Friday, January 23, 2015

Life, Currently: A Health Report

When I started trying to talk honestly about my attempts to lose weight so many years ago, I didn't think I'd end up documenting a long struggle with mental illness.

You may have noticed that I've slowed down. It's because I've been on an antidepressant for the last few months, and despite assurances that it wouldn't turn out to be a Lexapro numbness, it's turned into exactly that. The sexual side effects, the weight gain, the total loss of motivation, the total lack of faith in my abilities, and the foggy numbness are all here again, and it's been a shitty couple of weeks as I've become aware of this and tried to do something about it.

It's hard not to feel like I'm always going back to zero and somehow undoing all of the gains I've worked hard to make in therapy. I can never figure out why I'll do so well on something for a while, and then suddenly all progress seems to cease, frustrating my efforts. It's hard not to feel like the problem is me and what I've really internalized in my life as my inherent shittiness as a human being. And the thing is, I know that's irrational. A conscious part of me knows that I'm not thinking clearly on this. That I've internalized every single time someone--friend, co-worker, schoolmate, teacher, relative, parent, internet commenter--has told me how obnoxious and lazy and selfish and worthless I am, and it's done terrible damage to me. I know it's irrational to believe all of those things. But here's the thing about anxiety: it doesn't matter. It doesn't matter that you know how stupid it is, because what you're feeling is so overwhelming that it presses down on you, and fighting sometimes becomes so hard that it's easier to just give in.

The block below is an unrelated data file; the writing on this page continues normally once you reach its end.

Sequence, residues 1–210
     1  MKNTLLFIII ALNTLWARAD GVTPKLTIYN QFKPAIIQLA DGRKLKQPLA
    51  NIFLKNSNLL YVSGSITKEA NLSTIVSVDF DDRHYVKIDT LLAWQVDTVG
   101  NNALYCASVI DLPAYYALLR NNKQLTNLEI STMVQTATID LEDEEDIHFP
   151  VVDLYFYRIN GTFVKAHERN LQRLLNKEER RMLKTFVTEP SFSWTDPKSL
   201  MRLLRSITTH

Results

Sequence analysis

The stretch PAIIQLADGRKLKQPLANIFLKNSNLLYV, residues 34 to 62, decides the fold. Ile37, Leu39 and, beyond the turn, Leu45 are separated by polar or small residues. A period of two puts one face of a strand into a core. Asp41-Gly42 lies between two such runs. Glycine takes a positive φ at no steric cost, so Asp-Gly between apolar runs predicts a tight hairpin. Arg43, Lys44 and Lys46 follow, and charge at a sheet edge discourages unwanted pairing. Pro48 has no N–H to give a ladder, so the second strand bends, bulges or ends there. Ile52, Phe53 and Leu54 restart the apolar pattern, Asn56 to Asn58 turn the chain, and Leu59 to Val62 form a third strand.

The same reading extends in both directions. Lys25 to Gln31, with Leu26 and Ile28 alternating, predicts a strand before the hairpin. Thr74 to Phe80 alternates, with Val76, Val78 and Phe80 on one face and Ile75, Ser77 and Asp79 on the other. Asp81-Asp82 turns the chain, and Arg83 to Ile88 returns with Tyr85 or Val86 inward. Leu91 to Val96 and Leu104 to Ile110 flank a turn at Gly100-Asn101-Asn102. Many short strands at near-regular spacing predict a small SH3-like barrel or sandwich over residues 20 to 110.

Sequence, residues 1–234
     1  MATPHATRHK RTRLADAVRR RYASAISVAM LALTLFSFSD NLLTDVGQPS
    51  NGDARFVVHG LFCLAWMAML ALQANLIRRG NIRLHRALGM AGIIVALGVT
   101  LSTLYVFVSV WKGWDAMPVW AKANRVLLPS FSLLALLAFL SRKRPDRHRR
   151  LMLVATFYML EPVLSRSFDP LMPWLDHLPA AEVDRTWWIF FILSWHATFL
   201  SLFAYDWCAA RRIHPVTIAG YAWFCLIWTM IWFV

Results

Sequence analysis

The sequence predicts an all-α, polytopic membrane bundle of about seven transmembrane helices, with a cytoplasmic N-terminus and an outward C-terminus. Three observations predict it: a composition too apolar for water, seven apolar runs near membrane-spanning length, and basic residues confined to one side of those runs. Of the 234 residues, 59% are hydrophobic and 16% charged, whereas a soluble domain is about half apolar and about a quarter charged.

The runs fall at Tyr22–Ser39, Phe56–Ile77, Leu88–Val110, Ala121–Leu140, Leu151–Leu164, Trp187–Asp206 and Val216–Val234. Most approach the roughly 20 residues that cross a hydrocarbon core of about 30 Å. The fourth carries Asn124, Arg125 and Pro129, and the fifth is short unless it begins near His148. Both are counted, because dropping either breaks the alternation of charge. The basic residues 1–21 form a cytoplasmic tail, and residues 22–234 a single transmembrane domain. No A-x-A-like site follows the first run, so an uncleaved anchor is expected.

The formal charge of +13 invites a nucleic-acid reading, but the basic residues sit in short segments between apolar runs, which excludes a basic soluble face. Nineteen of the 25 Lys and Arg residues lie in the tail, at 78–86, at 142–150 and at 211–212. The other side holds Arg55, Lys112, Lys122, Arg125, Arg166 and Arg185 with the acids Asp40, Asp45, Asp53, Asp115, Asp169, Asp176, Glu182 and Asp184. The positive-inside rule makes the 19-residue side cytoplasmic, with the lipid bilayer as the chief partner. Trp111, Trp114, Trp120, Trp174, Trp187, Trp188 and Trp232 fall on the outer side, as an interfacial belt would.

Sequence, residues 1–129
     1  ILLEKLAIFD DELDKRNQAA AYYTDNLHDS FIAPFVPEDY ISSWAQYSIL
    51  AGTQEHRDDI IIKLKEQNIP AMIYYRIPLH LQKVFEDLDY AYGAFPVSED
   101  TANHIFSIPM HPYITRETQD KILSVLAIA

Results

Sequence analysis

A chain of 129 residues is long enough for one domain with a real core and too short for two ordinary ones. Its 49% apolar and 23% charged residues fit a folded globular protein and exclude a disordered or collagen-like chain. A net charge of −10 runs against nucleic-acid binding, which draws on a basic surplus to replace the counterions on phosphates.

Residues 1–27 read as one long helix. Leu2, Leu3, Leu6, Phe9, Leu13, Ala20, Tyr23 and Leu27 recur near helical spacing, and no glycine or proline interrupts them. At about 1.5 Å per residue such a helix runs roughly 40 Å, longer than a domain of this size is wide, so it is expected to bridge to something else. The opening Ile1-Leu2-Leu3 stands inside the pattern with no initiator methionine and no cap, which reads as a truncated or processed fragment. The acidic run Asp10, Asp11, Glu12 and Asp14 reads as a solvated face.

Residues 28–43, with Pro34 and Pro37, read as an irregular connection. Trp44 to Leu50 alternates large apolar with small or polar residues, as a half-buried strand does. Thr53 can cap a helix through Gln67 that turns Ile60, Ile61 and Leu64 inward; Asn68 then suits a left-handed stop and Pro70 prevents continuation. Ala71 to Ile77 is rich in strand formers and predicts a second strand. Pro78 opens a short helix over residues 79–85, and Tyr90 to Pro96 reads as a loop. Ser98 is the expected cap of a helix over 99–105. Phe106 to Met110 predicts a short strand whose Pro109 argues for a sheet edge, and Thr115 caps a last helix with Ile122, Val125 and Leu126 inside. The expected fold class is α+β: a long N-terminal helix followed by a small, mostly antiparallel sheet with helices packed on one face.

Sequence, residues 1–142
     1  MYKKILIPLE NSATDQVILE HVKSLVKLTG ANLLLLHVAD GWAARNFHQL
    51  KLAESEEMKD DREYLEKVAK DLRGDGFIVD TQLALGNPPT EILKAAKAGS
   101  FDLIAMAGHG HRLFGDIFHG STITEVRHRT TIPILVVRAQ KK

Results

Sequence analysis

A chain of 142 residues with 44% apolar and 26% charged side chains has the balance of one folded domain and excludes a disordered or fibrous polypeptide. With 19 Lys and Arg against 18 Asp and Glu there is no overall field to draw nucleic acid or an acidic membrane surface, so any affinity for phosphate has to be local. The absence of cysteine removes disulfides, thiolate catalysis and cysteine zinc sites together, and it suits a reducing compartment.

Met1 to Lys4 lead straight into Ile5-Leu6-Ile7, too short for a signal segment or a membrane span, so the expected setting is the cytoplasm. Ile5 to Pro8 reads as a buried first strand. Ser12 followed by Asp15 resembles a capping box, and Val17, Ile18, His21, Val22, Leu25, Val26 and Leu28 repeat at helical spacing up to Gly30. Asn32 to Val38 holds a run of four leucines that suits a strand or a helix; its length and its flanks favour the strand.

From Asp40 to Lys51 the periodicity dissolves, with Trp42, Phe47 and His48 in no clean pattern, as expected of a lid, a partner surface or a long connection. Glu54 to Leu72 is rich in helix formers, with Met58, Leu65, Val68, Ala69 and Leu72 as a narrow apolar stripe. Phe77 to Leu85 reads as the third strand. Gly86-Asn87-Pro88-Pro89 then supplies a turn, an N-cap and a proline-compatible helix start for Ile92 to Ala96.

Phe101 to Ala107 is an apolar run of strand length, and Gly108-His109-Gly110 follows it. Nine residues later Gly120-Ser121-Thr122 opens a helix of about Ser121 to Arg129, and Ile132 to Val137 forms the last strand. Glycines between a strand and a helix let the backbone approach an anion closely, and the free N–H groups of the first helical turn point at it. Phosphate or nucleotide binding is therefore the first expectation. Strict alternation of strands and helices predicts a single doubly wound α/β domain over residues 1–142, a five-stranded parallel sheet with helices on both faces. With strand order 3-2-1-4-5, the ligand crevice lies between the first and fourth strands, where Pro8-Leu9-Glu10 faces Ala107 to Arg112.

Right now, I'm having some problems with Medicaid and with trying to wean myself off of this antidepressant, so I'm dealing with those same withdrawal symptoms I did a couple of years ago, and it's so hard, because at one point in the day I'll feel ambitious and capable, and then later I'll be on the floor, curled up, sobbing uncontrollably for a half hour, followed by a half hour of staring at nothing. That happened to me already today. I sobbed so hard that my abs hurt. Why? I don't know. Because life is fucking hard and sometimes continuing to try seems really, really pointless. And yeah, I know it's irrational. But it's also real.

You might remember that I transitioned to a new therapist (my fourth now) around two or so months ago. And she's the first one to figure out that I've apparently got Attention Deficit Disorder. That shocked me, because I don't entirely understand ADD, and there was such a controversy about it when I was  about 18/19 years old. I didn't even know that adults could have it. (Apparently in adults the hyperactivity becomes a sort of restlessness.)